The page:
Conversion therapy is a practice used to try to change peoples’ sexual orientation or gender identity.

The rule would ban Utah therapists from subjecting LGBTQ minors to the practice that the American Psychological Association has said is not based in science and is harmful to mental health. The Utah rule proposal is set to go to a 30-day public comment period beginning Dec. 15 and take effect as soon as Jan. 22, Herbert said.

Church government affairs director Marty Stephens reiterated in the governor’s news release that the faith denounces conversion therapy and wants a ban. He said in an interview with The Associated Press last month that the faith doesn’t ascribe to “pray the gay away” thinking but that prayer and religious teachings can be helpful to people trying to navigate life’s challenges.

The religion holds tremendous influence in Utah, where the majority of state lawmakers and nearly two-thirds of the state’s 3.1 million residents are members of the faith. Herbert is a member and so are all six members of the state’s congressional delegation, including U.S. Sen. Mitt Romney.

The church had said in an Oct. 15 letter to state regulators that it would support a “carefully tailored” rule to ban “abusive” practices like conversion therapy but contended an earlier regulatory proposal banning the practice defined sexual orientation and efforts to change sexual orientation so broadly that it “would imperil legitimate and helpful therapies to the detriment of minor clients.”

For example, the church had claimed the bill would have prohibited therapists from discussing strategies for avoiding same-sex intimacy when young people seek help to adhere to the faith’s teachings.

The success in getting crucial support for the regulatory rule generated praise from LGBTQ advocates who had expressed frustration with the yearslong battle in Utah to ban conversion therapy. The rule uses language from a state legislative proposal that failed this year despite church leaders saying they would not oppose it.

“We are profoundly grateful to Gov. Herbert and the Psychologist Licensing Board for the thoughtful and meticulous manner in which they have worked to protect LGBTQ-plus youth from conversion therapy,” said Troy Williams, executive director of Equality Utah. “We have no doubt the adoption of this rule will send a life-saving message to LGBTQ+ youth across our state.”

During a public hearing about the rule in September, a parade of LGBTQ people said undergoing the therapy led to shame, depression and suicide attempts.

Opponents argued that the rule would prevent parents from getting help for their children with “unwanted” gay feelings or even from talking about sexuality with their kids.


Precollegiate
featured
Alpine School District updates growth projections as it braces for middle school enrollment bubble

Utah’s largest school district is getting even bigger.

The Alpine School District gained 1,676 students in the last year, bringing it to 81,532 students as of Oct. 1, according to 2019 enrollment and projection data from the district.

The district is expected to have 82,782 students next year and 86,290 students for the 2024-25 academic year, according to the district’s projections.

The district has seen large jumps in enrollment over the last decade as it’s grown from the 64,486 students it enrolled in 2009.

The district opened four new schools this fall and opened a second location for its alternative high school. It plans to open a new elementary school in Eagle Mountain next fall.

Skyridge High School in Lehi had the largest enrollment among the high schools at 2,972 students this year. Westlake High School in Saratoga Springs held that title for the last few years before the opening of Cedar Valley High School in Eagle Mountain this fall reduced the pressure on the school.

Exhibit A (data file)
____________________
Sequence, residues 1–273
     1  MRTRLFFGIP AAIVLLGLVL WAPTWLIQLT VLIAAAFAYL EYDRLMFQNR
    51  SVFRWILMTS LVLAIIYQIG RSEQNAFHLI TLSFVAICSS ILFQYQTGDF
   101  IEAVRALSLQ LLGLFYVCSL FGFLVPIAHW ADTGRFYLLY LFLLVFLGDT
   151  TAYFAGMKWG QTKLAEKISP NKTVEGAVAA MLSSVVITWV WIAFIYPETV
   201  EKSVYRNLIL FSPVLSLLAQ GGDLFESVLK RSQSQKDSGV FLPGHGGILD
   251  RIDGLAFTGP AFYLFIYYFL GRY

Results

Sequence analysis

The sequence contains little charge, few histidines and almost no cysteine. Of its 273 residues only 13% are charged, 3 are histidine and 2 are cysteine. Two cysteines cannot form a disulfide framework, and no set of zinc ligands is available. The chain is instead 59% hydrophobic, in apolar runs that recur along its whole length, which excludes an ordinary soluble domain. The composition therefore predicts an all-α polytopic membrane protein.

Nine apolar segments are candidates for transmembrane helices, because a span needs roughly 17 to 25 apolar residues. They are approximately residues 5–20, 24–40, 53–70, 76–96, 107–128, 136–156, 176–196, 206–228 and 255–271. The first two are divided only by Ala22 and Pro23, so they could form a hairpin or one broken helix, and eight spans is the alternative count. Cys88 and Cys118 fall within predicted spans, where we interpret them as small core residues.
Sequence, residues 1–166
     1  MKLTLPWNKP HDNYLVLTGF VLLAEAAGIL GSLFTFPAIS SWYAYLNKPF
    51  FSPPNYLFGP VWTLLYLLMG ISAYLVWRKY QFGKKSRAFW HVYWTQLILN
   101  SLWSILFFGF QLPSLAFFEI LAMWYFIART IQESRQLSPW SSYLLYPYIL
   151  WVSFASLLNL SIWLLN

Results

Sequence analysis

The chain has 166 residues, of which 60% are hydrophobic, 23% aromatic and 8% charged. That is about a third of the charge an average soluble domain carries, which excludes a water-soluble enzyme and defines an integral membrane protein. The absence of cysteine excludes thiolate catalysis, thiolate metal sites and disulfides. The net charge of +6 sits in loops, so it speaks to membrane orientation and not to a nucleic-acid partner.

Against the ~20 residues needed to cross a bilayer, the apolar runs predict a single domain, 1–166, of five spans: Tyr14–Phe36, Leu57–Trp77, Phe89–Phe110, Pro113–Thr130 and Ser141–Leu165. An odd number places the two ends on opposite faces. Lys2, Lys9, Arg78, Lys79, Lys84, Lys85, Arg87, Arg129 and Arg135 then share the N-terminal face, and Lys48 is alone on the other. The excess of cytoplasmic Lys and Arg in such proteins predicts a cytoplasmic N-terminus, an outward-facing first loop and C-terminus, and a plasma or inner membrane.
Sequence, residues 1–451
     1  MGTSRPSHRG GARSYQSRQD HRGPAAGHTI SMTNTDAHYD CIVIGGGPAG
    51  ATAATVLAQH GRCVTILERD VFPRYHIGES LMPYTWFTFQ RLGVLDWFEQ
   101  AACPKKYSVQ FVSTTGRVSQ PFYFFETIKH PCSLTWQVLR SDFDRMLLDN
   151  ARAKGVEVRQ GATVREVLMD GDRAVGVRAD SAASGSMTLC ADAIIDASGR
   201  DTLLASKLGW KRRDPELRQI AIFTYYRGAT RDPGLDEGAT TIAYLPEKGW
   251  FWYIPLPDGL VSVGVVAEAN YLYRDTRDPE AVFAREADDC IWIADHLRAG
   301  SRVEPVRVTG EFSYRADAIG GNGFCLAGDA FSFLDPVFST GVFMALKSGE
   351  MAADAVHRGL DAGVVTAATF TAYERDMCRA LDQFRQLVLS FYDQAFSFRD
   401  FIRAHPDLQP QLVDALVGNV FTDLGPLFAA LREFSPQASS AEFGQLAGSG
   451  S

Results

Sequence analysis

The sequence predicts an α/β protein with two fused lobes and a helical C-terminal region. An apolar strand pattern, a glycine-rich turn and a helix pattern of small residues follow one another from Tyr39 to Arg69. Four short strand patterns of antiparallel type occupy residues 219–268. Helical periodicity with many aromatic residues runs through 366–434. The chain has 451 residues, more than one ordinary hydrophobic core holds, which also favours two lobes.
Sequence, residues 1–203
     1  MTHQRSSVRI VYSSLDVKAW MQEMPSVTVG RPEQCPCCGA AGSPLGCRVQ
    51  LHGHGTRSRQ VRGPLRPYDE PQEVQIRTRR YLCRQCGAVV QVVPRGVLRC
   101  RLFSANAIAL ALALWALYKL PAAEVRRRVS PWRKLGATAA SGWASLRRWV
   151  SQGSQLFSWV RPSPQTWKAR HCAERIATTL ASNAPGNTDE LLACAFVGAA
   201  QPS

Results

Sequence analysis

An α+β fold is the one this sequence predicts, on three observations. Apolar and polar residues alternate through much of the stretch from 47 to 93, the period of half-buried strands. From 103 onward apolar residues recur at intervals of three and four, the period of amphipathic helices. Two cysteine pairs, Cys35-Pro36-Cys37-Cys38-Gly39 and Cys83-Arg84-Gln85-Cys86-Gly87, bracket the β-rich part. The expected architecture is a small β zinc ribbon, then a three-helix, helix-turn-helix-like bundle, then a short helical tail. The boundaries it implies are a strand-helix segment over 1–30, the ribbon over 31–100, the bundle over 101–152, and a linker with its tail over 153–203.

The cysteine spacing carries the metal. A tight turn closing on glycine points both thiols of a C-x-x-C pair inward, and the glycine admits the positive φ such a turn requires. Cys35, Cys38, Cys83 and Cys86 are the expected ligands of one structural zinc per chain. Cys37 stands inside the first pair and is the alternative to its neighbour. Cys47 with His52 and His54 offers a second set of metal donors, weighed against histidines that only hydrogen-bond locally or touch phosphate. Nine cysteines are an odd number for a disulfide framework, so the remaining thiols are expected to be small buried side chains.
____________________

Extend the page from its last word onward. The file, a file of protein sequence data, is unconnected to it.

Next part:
Fifteen elementary schools had enrollments of more than 900 students this fall, and five — Black Ridge and Brookhaven elementary schools in Eagle Mountain, Dry Creek Elementary in Lehi, Sage Hills Elementary School in Saratoga Springs and Vineyard Elementary School — had enrollments of more than 1,000 students, with Brookhaven Elementary School topping the list with 1,349 students, as of Oct. 1. Eaglecrest Elementary School in Lehi was just shy of the 1,000 mark, with 999 students as of Oct. 1.

The enrollment data and five-year projections shape the district’s upcoming decisions, including which projects could be built using funds from a potential 2020 bond.

“This is very valuable information for all of us on the staff and you as board members,” Alpine School District Superintendent Sam Jarman told the district’s Board of Education during a board meeting Tuesday afternoon.

Births in the county have stayed mostly flat, Jason Sundberg, the district’s assistant director of budgets, told the board Tuesday. The unpredictability then becomes out-of-state migration, and if new students coming in will be from younger families, or more established ones with older children.

The district expects to see an enrollment bubble hit junior high and middle schools, and then move on to the high schools as the students age. The district has 17,988 students in junior high schools and middle schools this year, with 18,645 expected next school year, 18,816 expected in 2021, and then about 18,640 students from 2022 to 2024.

Mark Clement, a member of the Board of Education, said that the district might want to wait instead of building another secondary school to deal with that expected enrollment bubble.

“Maybe it would be possible to ride those out with portables, instead of building schools,” Clement said Tuesday.

The district extrapolates five years out with a high accuracy when making predictions, but as it goes out further, numbers become less accurate, according to Sundberg.

That creates challenges as the district mulls over which projects would go on future bonds, since secondary schools take longer to build than elementary schools.

“We are going to make some decisions in the next several months about schools that need to be on the 2020 bond, but some of those might need to be on the 2024 bond,” Shane Farnsworth, an assistant superintendent for the district, told the board during Tuesday’s meeting.